Normal ranges and deviations from the set point must be known quantitatively in order to study physiological mechanisms. For these and other reasons, quantitative measurements are basic to the science of physiology. One example of this, and of the actions of antagonistic mechanisms in maintaining homeostasis, is shown in figure 1.5. Blood glucose concentrations were measured in five healthy people before and after an injection of insulin, a hormone that acts to lower the blood glucose concentration. A graph of the data reveals that the blood glucose concentration decreased rapidly but was brought back up to normal levels within 80 minutes after the injection. This demonstrates that negative feedback mechanisms acted to restore homeostasis in this experiment. These mechanisms involve the action of hormones whose effects are antagonistic to that of insulin—that is, they promote the secretion of glucose from the liver (see chapter 19).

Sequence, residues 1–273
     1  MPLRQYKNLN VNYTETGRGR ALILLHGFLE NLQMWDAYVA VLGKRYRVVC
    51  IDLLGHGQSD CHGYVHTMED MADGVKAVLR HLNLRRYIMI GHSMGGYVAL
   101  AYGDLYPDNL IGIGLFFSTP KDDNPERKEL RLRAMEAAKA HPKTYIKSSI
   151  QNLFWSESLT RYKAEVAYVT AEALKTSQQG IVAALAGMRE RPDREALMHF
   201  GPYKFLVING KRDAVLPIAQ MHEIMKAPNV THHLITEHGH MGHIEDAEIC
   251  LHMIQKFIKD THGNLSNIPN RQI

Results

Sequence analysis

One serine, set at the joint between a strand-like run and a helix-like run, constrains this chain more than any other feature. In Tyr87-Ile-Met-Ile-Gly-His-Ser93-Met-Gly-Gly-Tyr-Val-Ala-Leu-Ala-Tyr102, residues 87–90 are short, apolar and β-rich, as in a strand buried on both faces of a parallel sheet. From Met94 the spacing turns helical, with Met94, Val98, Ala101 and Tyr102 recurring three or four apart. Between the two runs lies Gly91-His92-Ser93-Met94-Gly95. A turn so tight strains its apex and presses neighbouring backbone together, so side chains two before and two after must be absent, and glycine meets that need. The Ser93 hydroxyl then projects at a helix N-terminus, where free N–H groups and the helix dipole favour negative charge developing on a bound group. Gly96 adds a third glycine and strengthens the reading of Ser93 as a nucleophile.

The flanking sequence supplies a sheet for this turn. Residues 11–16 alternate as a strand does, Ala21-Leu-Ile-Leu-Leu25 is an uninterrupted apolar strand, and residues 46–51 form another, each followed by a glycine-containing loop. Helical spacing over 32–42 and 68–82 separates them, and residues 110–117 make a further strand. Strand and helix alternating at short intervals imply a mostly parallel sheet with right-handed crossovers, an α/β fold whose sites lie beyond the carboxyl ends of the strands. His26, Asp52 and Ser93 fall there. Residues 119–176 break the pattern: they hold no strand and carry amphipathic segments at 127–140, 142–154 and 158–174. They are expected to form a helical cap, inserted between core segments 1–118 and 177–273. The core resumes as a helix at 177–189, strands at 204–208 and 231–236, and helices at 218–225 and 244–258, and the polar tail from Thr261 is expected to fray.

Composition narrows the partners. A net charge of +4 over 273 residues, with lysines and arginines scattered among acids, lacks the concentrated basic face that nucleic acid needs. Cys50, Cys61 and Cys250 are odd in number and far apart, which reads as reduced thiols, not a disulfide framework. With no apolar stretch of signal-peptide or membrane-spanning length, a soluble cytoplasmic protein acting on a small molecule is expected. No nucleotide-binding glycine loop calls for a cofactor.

The Study of Body Function
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